Backlash over student loan crackdown

Swedish students are being forced to pay back tens of thousands of kronor at short notice because universities and the student loan authority can't agree on how to define a full-time student.

Backlash over student loan crackdown
Photo: Gösta Wendelius/Image Bank Sweden

As The Local reported on Thursday, Sweden’s student loan body CSN is cracking down on students who have received funding for full time studies but who have not been studying full time.

The dispute centres on the fact that some courses classed as full time by universities are not classed as full time by CSN. Universities say honest students are being caught in a bureacratic trap, and have been given just days to pay back money they don’t have.

A full-time student must obtain 60 academic points per year, which in most universities equals 30 points a term. Some colleges, like the Royal Institute of Technology, distribute their 60 points a year differently over the two terms, with 40 points completed one term and 20 the next. As far as CSN is concerned, the student has not been studying full time during the second term.

The student union at the Royal Institute of Technology estimates that 400 students have been sent letters demanding money back. Student union chairman Tobias Porserud says one student has been told to repay 23,000 kronor by May 31st.

“At first the letters the students received said that if they didn’t pay the money back before May 31st, the student loan body would be forced to notify the police. They later apologized for this, but it still absurd,” Porserud told The Local.  

Peter Gudmundsson, principal at the Royal Institute of Technology, said the demands were unacceptable:

“We are trying to help the students as much as we can through a dialogue with the student loan body,” Gudmundsson told The Local.

Officials at the student loan body were unrepentant:

“We have our rules to follow, and in this aspect they clash with certain schools point systems, but our laws are set by the government and we need to follow them,” Klas Elfing, press secretary at the student loan body tells The Local.

“According to our policies the students who only complete 20 points a term, but 60 points per year, do not qualify for full time support and yes, we will be demanding money back from them,” says Elfing.

The government says it understands the students position and knows it is not their fault, but claims that there is nothing they can do about it:

“This is a case of two authorities who haven’t been communicating with each other,” Eva-Maria Byberg, spokeswoman for the minister of higher education Tobias Krantz, told The Local.

A meeting between universities and the student loan body is scheduled for the middle of June – long after many students are being required to repay the money.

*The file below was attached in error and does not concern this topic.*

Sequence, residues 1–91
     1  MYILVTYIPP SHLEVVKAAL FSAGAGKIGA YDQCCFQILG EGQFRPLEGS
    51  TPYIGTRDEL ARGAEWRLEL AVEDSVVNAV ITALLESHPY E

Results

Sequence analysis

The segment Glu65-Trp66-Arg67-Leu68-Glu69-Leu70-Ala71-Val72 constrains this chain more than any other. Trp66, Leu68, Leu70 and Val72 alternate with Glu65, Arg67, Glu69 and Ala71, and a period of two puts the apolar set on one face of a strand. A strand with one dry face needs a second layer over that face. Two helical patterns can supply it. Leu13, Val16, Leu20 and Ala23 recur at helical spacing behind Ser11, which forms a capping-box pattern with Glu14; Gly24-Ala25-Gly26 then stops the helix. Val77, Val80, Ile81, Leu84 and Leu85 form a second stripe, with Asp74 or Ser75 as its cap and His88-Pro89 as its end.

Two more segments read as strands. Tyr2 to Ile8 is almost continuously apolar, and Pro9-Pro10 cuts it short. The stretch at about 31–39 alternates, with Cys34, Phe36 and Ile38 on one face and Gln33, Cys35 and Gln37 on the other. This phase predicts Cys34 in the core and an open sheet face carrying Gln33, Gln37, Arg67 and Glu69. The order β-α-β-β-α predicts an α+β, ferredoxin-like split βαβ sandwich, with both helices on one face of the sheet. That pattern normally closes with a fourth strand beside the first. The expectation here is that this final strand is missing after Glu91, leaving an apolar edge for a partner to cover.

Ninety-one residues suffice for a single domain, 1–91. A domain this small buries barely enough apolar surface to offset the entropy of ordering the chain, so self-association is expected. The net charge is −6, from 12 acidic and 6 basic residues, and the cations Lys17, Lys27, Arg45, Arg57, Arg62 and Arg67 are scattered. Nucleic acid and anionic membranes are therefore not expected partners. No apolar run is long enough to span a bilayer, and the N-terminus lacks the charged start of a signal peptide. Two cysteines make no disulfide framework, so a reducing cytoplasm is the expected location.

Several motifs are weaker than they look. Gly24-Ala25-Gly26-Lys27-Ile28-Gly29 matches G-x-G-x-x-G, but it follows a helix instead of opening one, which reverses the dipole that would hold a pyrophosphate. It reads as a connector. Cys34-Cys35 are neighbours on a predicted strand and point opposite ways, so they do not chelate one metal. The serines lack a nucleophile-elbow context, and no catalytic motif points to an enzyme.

Porserud says the meeting with the parties involved is set too late, when there are students who are meant to pay back their money two weeks before the meeting is even held.

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Swedish opposition proposes ‘rapid tests for ADHD’ to cut gang crime

The Moderate Party in Stockholm has called for children in so called "vulnerable areas" to be given rapid tests for ADHD to increase treatment and cut gang crime.

Swedish opposition proposes 'rapid tests for ADHD' to cut gang crime

In a press release, the party proposed that treating more children in troubled city areas would help prevent gang crime, given that “people with ADHD diagnoses are “significantly over-represented in the country’s jails”. 

The idea is that children in so-called “vulnerable areas”, which in Sweden normally have a high majority of first and second-generation generation immigrants, will be given “simpler, voluntary tests”, which would screen for ADHD, with those suspected of having the neuropsychiatric disorder then put forward for proper evaluations to be given by a child psychiatrist. 

“The quicker you can put in place measures, the better the outcomes,” says Irene Svenonius, the party’s leader in the municipality, of ADHD treatment, claiming that children in Sweden with an immigrant background were less likely to be medicated for ADHD than other children in Sweden. 

In the press release, the party said that there were “significant differences in the diagnosis and treatment of ADHD within Stockholm country”, with Swedish-born children receiving diagnosis and treatment to a higher extent, and with ADHD “with the greatest probability” underdiagnosed in vulnerable areas. 

At a press conference, the party’s justice spokesman Johan Forsell, said that identifying children with ADHD in this areas would help fight gang crime. 

“We need to find these children, and that is going to help prevent crime,” he said. 

Sweden’s climate minister Annika Strandhäll accused the Moderates of wanting to “medicate away criminality”. 

Lotta Häyrynen, editor of the trade union-backed comment site Nya Mitten, pointed out that the Moderates’s claim to want to help children with neuropsychiatric diagnoses in vulnerable areas would be more credible if they had not closed down seven child and youth psychiatry units. 

The Moderate Party MP and debater Hanif Bali complained about the opposition from left-wing commentators and politicians.

“My spontaneous guess would have been that the Left would have thought it was enormously unjust that three times so many immigrant children are not getting a diagnosis or treatment compared to pure-Swedish children,” he said. “Their hate for the Right is stronger than their care for the children. 

Swedish vocab: brottsförebyggande – preventative of crime